If only Nicky Silver’s plays were as wild and crazy as they
seem to want to be! The author of *Pterodactyls* and *The Food
Chain* has made a name for himself writing plays with long
operatic monologues often by self-hating fat gay boys and/or
their emotionally invasive mothers. So it is with *The Eros
Trilogy*, which is not a trilogy but a long one-act preceded
by two monologues and an intermission. In Part I, a wealthy
white woman named Claire bemoans at length how grotesque the
world has become now that so many people spit on the sidewalk.
In Part II, her high-strung overweight son Philip delivers a
tirade about how ugly genitals are. He recalls making out with
a buck-toothed adolescent girl in the bathroom who made fun of
him for getting a boner, and then he describes his infatuation
with a waiter whom he follows home one night and whom, after
the waiter turns him down, he hits in the head with a brick.
The somewhat more cuddly Part
III consists of excessively intimate letters written over the
course of 25 years from Miriam to her more reticent but loving
gay son Roger.
In these extended arias built
on an accretion of tiny detail, pathology gives way to a
touching exchange of confidences, yet when you pay attention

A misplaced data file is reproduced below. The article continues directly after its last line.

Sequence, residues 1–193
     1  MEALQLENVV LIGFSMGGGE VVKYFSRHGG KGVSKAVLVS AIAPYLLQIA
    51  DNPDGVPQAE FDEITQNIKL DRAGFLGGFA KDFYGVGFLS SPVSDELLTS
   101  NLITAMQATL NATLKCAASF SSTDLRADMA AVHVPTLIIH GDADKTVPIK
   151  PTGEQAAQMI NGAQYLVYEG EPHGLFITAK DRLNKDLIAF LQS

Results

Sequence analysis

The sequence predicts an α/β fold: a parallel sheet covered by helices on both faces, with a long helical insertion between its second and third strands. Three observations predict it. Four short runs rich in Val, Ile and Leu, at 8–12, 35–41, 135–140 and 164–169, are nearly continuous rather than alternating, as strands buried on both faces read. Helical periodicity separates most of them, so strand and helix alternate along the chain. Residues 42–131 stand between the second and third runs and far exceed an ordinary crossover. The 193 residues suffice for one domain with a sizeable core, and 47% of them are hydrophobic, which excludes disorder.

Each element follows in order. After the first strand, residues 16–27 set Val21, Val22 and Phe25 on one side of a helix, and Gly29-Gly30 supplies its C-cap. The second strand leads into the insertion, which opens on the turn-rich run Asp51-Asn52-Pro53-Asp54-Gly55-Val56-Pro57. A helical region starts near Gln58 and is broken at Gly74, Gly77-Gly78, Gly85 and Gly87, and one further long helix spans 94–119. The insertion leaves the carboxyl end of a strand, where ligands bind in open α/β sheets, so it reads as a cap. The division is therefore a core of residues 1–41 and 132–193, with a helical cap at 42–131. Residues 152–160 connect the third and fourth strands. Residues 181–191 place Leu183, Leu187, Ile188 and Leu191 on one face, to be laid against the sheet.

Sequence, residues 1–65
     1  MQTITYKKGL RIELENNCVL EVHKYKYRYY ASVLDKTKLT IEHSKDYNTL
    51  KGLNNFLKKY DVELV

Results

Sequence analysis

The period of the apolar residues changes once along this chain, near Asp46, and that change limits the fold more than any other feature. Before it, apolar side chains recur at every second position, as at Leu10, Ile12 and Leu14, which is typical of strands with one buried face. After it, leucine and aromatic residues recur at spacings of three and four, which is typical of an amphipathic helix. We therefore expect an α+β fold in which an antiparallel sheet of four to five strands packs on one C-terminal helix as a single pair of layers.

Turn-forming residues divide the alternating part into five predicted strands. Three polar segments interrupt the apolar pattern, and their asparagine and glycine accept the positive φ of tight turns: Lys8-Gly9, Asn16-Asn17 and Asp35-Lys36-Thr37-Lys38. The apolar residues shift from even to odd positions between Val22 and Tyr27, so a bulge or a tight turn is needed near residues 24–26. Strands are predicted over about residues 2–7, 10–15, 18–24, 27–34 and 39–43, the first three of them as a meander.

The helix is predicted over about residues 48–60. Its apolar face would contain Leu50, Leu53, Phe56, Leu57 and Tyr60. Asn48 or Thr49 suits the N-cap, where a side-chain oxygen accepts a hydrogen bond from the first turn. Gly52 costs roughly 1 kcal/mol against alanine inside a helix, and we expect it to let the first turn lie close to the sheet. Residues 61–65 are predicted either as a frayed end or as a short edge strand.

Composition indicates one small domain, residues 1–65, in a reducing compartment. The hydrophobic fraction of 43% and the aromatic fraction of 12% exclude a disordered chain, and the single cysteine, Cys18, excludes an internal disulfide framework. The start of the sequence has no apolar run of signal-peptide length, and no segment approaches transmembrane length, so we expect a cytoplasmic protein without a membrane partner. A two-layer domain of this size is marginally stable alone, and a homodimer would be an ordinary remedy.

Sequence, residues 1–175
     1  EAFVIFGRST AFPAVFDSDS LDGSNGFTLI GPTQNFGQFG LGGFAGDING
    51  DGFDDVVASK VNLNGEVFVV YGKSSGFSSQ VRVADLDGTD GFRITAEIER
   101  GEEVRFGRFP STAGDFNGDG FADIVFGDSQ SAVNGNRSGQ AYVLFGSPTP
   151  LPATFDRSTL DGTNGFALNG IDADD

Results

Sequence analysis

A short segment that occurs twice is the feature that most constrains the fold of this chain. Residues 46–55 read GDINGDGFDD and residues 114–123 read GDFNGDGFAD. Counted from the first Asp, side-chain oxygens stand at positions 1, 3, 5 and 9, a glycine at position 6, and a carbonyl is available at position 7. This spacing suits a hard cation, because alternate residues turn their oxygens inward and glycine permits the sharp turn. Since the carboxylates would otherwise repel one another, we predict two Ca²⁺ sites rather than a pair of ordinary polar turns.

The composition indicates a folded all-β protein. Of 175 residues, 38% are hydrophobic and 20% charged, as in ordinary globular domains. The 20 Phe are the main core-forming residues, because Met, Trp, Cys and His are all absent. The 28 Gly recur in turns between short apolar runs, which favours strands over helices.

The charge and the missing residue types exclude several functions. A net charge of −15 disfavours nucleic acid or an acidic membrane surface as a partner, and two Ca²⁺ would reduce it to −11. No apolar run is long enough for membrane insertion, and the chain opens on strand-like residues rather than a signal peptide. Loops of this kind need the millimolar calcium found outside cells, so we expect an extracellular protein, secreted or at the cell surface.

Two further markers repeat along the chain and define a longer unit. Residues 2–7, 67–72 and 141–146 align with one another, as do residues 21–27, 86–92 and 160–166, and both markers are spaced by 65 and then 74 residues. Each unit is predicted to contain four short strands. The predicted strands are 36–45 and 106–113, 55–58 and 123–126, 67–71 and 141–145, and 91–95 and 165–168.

the details sound generic or somehow secondhand. We’re never
as shocked by the characters’ behavior as they are. For
instance, Miriam eventually reveals that she is an alcoholic
(!) and having an affair with a man who’s not only married
(!!) but fat (!!!). Even the heart-warming finale, in which
Roger exclaims about how lucky he is to have loved the people
he’s loved in his life, is borrowed from the climactic scene
of Scott MacPherson’s play and movie *Marvin’s Room*.
Silver really is a lucky dog,
though -- actors adore performing his plays. *The Eros
Trilogy*, which played at the Vineyard Theater in New York
from January 21 to February 27, boasted no less than Betty
Buckley, reigning diva for gay theatergoers, in a star turn as
both Claire and Miriam. Surrounded by David C. Woolard’s
gorgeous clothes, Neil Patel’s elegant set, and Jeff
Croiter’s magnificent lighting, Buckley made Silver’s
prose sound like Cocteau set to music by Debussy. If only....
The Advocate, March 16, 1999